Parliament approves UK Defence Co-operation Agreement

September 1, 2016 7:48 pm
Currently about 10, 000 troops from the UK are trained in Kenya each year/FILE
Currently about 10, 000 troops from the UK are trained in Kenya each year/FILE

, NAIROBI, Kenya, Sept 1 – Kenya and the United Kingdom on Thursday finalised a new Defence Co-operation Agreement (DCA) to cement the longstanding military partnership between the two nations.

The new agreement was ratified by the Kenyan Parliament on Thursday, allowing for the continuation of British military training in Kenya currently worth Sh7.5 billion per year to the Kenyan economy.

The UK Parliament had already ratified the agreement.

It will also trigger an enhanced programme of co-operation between the two nations’ armed forces.

Welcoming the passage of the document by the Kenyan Parliament, British High Commissioner Nic Hailey said the move will allow the UK significantly increase military engagement with Kenya, enhancing the defence capability of both nations and contributing to Kenyan and wider regional security.

“The UK is Kenya’s longest-standing defence and security partner, and both countries want to see the relationship continue and grow. This new agreement is based on respect for each others’ sovereignty, and provides a legal basis for our military co-operation in line with the requirements of the Kenyan Constitution,” Hailey added.

Currently about 10, 000 troops from the UK are trained in Kenya each year.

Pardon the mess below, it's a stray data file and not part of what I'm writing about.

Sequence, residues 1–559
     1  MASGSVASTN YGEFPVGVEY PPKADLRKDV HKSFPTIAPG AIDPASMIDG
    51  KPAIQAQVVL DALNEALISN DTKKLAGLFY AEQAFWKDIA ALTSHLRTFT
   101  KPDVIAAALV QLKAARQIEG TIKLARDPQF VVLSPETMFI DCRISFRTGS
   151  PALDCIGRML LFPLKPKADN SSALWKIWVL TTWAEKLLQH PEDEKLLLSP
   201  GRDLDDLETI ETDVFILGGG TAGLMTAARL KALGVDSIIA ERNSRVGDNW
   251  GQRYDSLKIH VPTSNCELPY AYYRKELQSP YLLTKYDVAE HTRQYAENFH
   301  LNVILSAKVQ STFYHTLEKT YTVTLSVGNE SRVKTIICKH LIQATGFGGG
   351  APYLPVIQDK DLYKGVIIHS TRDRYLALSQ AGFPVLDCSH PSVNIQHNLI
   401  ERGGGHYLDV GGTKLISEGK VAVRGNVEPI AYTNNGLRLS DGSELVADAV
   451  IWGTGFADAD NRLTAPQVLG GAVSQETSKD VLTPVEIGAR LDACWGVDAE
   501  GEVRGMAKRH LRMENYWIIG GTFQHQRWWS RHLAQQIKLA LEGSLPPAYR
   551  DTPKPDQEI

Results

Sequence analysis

It will also see an enhanced programme of co-operation across all three KDF services with the UK armed forces, including provision of specialised military training, in addition to continued support to Kenyan security forces deploying to Somalia as part of the AMISOM mission.

The British Army (BATUK) is a major employer in Laikipia, Isiolo and Samburu counties, with around 500 permanent Kenyan staff and a further 900 on temporary contracts.

BATUK also conducts multiple development and community outreach projects in collaboration with County Governors and Ministries.

In December 2015, the Kenya and UK military pact set out new rules.

Under the new rules British soldiers who commit crimes while training in Kenya will now be subjected to the Constitution of Kenya, as per the new Defence Co-operation Agreement (DCA).

Their counterparts from Kenya, training in the United Kingdom will also be subjected to their laws.

In case the soldier was undertaking official duties when he committed the offence; the agreement requires that the offence be tried within the jurisdiction of Kenya by British officials.


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